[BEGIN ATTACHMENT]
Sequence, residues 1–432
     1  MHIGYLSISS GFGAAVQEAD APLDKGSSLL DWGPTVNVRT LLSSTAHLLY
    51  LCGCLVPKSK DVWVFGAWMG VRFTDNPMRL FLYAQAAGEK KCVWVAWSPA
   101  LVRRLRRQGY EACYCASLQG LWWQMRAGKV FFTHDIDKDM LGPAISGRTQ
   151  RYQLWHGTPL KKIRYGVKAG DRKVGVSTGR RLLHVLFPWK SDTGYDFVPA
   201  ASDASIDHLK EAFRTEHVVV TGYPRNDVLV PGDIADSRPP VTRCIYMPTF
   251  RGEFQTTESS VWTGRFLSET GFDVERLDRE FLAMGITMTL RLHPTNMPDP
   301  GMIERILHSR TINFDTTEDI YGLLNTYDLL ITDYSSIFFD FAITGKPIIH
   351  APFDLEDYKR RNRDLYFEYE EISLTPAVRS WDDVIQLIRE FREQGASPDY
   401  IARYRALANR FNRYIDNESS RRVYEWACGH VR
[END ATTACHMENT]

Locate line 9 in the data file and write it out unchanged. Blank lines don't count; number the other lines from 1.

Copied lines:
   351  APFDLEDYKR RNRDLYFEYE EISLTPAVRS WDDVIQLIRE FREQGASPDY